Logistics and Procurement Officer

Monrovia, Montserrado, Liberia Full-time

GiveDirectly (GD) aims to reshape international giving - and millions of lives - by providing cash grants directly to the world’s poorest. The Brookings Institution estimates that $70B of cash transfers would be required to eliminate the poverty gap; the aid sector currently spends $135B each year, much of it on evidence-free interventions. GiveDirectly wants to change that, establishing cash transfers as a benchmark for foreign aid - as the index fund is a benchmark for the financial industry - and in the process accelerating the end of extreme poverty.

GD has raised over $200m since launching in 2011, delivered cash to more than 125,000 families, and launched offices in 7 countries. We’ve also supported large-scale, experimental research that indicates strong recipient impact of our programs. As a result GD has been celebrated as one of the most innovative non-profit companies by Fast Company, while the growing cash transfer movement and GD’s leading role within it have been featured in the New York Times MagazineThis American LifeForeign Affairs, and The Economist.

We’re looking for exceptional talent to grow our field team. Our culture is blunt, analytical, non-hierarchical, and fast-paced. We recruit candidates from top organizations across all industries - our team has hailed from consultancies, investment banks, start-ups, non-profits, and government to name a few. We value ability and willingness to learn over years of experience. We offer competitive salary and benefits and performance-based bonuses.

Job Title: Logistics and Procurement Officer

Purpose: The Logistics and Procurement Officer role will play an important role in supporting operations by procuring inventory and supplies, coordinating the logistics function in line with internal policies and procedures including warehousing and fleet management as well as helping to implement systems that will safeguard supplies and equipment on behalf of GiveDirectly donors, staff and beneficiaries . The role will reward exceptional organizational skills, rapid problem-solving for a range of logistical challenges, and a deep interest in building GiveDirectly’s culture and organizational reach

Reports to: Field  Director

Direct Reports: Driver

Duty Station: Monrovia

Key Responsibilities and Duties

Procurement

  • Prequalify Suppliers for GD ensuring compliance with GD/Donor requirements
  • Lead on the delivery of all local procurement requests;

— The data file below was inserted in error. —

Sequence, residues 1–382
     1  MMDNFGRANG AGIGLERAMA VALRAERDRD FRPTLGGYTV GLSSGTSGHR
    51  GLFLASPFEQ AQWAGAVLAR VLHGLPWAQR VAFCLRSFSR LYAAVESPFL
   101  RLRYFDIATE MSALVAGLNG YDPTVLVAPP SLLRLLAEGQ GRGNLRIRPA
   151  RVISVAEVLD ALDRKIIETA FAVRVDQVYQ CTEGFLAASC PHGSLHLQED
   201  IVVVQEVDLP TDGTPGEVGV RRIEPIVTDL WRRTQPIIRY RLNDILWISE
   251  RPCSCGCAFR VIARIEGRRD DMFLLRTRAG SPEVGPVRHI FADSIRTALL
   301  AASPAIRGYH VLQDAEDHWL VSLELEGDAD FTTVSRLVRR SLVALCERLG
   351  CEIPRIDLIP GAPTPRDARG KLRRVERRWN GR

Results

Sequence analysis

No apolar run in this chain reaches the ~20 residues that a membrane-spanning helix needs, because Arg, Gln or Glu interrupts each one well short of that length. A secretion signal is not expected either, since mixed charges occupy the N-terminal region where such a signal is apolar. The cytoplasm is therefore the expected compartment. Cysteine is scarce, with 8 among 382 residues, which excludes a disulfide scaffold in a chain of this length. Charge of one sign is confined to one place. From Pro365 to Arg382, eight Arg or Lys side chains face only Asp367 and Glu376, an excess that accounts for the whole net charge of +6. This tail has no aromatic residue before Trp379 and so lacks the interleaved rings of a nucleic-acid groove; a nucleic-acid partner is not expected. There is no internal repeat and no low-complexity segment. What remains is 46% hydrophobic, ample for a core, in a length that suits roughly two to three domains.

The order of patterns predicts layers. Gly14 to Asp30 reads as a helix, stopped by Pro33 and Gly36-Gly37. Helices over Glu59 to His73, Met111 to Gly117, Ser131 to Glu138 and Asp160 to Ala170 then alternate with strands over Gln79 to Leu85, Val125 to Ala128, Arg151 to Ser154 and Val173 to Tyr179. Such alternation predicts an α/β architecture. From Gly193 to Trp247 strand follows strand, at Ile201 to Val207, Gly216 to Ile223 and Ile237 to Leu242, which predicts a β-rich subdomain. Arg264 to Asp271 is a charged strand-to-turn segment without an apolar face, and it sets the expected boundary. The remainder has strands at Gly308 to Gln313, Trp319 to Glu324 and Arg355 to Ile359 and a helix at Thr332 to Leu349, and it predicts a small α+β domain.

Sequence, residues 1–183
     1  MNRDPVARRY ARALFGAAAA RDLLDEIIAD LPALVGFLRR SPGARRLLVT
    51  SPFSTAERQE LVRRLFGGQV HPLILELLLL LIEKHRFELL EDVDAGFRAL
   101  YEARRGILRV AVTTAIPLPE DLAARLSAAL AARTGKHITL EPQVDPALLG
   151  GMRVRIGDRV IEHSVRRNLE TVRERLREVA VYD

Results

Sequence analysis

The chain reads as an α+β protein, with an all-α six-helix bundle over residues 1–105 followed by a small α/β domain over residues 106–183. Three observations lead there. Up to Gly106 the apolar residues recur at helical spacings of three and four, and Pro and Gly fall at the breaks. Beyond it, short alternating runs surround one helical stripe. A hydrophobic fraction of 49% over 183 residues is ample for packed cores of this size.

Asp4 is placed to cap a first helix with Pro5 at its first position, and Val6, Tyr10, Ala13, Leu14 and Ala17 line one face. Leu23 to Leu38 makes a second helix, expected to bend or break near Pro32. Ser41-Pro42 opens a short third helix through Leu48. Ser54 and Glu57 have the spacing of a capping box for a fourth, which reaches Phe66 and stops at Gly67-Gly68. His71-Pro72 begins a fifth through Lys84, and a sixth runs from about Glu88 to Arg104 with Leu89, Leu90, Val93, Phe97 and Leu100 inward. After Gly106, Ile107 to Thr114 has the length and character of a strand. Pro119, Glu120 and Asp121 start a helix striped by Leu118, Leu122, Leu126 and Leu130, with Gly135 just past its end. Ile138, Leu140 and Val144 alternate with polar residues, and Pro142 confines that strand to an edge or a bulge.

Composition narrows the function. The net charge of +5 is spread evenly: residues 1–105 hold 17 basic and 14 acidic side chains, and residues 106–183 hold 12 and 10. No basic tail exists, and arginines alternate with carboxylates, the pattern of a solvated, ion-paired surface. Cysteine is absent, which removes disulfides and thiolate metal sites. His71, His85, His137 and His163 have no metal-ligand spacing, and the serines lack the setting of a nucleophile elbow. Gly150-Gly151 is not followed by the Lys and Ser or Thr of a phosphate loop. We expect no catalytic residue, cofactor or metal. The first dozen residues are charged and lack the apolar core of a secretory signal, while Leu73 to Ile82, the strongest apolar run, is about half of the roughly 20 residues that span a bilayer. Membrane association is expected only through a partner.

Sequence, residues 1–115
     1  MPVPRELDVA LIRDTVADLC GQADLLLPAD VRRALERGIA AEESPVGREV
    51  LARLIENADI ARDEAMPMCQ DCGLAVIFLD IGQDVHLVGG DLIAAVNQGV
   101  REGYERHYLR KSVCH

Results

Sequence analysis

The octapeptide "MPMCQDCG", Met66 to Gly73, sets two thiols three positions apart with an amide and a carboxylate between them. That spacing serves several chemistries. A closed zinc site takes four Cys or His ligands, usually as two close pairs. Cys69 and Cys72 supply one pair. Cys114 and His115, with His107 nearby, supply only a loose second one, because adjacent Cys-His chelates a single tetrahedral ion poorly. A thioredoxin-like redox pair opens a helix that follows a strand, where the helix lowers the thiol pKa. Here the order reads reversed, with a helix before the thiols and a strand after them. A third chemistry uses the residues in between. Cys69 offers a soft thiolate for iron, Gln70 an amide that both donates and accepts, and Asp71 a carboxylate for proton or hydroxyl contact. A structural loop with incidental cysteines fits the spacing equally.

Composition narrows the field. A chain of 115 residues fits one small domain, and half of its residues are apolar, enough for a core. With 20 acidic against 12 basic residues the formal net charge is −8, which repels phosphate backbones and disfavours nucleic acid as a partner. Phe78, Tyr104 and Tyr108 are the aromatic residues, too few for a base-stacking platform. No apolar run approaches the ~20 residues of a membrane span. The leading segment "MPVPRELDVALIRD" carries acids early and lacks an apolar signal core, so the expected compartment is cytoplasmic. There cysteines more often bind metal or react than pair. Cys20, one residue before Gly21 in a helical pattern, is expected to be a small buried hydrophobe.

• Ensure integrity of quotation and evaluation process ensuring all GD/Donor regulations are complied with;
  • Assist management team with implementation of procurement policy;
  • Coordinate with vendors on delivery, repair, and maintenance of procured supplies (including equipment used by our field officers and mobile phones used by our recipients);
  • Coordinate movement of staff and items to field offices
  • Keeps maintenance and repair records; performs preventive maintenance on all vehicles; orders repair parts;
  • Checks all repair work performed in workshop for completeness. This includes physical inspections and road tests before vehicle is turned back to user departments;
  • Ensure the dispatch of goods, proper storage of all inventory/stocks, maintenance of records, monitoring and reporting of stock levels/movement;
  • Enforce protocols on staff handling / tracking of GD property and overall adherence to safe-storage policies;
  • Conduct stock count for phones with Finance Manager;
  • Ensure proper management of all assets and inventory through efficient and effective identification, tagging, recording and disposal;
  • Maintain insurance coverage for phones and other valuable inventory;
  • Assist with ad hoc logistical tasks to ensure the smooth running of office functions and team events (retreat set-up, internet breaks);
  • Manage day to day activities of the Driver;
  • Any other duty  assigned to you by your line manager

 

Requirements

 

  • Minimum of First Degree in Accounting, Logistics, Procurement or related coursework.
  • Experience working with INGOs is desired
  • Experience working in a USAID funded project
  • A Minimum of 5 years of experience in the field of logistics, procurement and asset management
  • Ability to Multitask and work within complex environments
  • Ability to work independently with little supervision
  • Must be able to work with Microsoft Excel, Google docs, Gmail and easy to learn other new applications
  • Possess the ability to conduct and support recipient surveys and associated processes